I say “revealed to us” because we wouldn’t have a clue about the Trinity if Jesus didn’t tell us about it. Jesus talked about His Father in Heaven, about Himself as the Son of God, about going back to Heaven and sending to us the Holy Spirit. This is what the Catechism means when it says, “The whole history of salvation is identical with…the way…God…reveals Himself to people.” The Trinity is a mystery revealed by God, but that doesn’t mean it is mystifying. It is a mystery of God that God wants us to be drawn deeply into.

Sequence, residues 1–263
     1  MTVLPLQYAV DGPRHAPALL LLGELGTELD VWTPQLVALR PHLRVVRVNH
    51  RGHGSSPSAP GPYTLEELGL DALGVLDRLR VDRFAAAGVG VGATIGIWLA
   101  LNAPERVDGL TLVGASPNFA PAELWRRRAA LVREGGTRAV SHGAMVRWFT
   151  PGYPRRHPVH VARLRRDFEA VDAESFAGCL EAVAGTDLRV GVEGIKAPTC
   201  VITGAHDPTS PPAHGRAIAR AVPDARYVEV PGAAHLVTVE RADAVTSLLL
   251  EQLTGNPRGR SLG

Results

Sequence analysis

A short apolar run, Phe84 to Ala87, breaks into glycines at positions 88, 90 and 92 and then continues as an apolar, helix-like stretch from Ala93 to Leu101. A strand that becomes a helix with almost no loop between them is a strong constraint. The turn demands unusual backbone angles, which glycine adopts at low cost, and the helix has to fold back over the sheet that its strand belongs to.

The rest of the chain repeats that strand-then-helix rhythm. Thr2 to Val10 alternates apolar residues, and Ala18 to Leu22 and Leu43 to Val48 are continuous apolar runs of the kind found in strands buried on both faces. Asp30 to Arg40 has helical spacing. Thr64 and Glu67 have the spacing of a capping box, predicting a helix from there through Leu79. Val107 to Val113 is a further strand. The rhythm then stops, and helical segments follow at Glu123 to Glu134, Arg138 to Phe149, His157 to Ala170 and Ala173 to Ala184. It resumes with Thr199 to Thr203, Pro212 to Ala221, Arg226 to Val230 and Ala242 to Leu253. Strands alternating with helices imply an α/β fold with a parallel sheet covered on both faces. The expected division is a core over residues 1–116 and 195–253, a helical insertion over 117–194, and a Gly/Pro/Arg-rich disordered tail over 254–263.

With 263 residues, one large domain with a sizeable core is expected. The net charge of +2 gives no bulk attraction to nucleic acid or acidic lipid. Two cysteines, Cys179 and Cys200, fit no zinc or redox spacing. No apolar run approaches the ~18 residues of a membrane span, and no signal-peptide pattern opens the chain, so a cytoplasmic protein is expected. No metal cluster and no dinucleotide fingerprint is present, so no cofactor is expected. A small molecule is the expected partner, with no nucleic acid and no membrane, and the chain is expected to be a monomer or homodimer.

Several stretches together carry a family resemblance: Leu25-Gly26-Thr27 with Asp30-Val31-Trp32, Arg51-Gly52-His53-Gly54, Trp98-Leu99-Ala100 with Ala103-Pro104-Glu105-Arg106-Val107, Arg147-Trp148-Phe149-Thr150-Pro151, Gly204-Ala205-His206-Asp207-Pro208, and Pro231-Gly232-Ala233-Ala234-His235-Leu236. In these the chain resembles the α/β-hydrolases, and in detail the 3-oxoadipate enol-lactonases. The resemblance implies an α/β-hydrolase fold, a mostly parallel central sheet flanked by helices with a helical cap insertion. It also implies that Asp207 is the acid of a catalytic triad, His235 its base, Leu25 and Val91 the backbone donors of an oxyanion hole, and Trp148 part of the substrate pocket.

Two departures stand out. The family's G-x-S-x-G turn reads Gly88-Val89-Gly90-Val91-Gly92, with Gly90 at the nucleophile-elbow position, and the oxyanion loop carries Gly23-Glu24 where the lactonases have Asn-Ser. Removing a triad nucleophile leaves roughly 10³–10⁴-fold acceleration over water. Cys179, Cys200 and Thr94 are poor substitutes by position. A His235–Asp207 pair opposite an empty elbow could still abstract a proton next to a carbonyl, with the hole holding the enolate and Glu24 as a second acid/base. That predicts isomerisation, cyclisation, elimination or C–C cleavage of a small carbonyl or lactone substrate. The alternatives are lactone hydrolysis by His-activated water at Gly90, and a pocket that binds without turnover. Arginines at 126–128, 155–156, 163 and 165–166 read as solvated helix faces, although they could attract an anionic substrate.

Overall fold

So, let’s think about the sign of the cross and how it can draw us deeply into this mystery. First we touch our forehead and say, “In the Name of the Father…” When I hear those words, I think of so many things – the beauty of the trees, and flowers and plant life coming into bloom this time of year; I recall beautiful red sunsets at the beach as the setting sun shimmers on the water; the grandeur of the great Berkshires or the White Mountains; the feel of a warm breeze in Spring; I think of all the young children who received their First Holy Communion just a few weeks go; or the giggling and crying babies baptized this Easter season and the pride and happiness on the faces of their parents. I think of all these things because God the Father is the Creator of a beautiful world – something we should always be aware of and should always cause us to marvel at His nature! I leave my finger on my forehead because I, too, am part of that incredible creation. And, I’m reminded not only of a Creator but of Someone so totally in love with us that He sent His only Son to draw us back into His embrace. This same Father we speak of as “Our Father who art in Heaven.”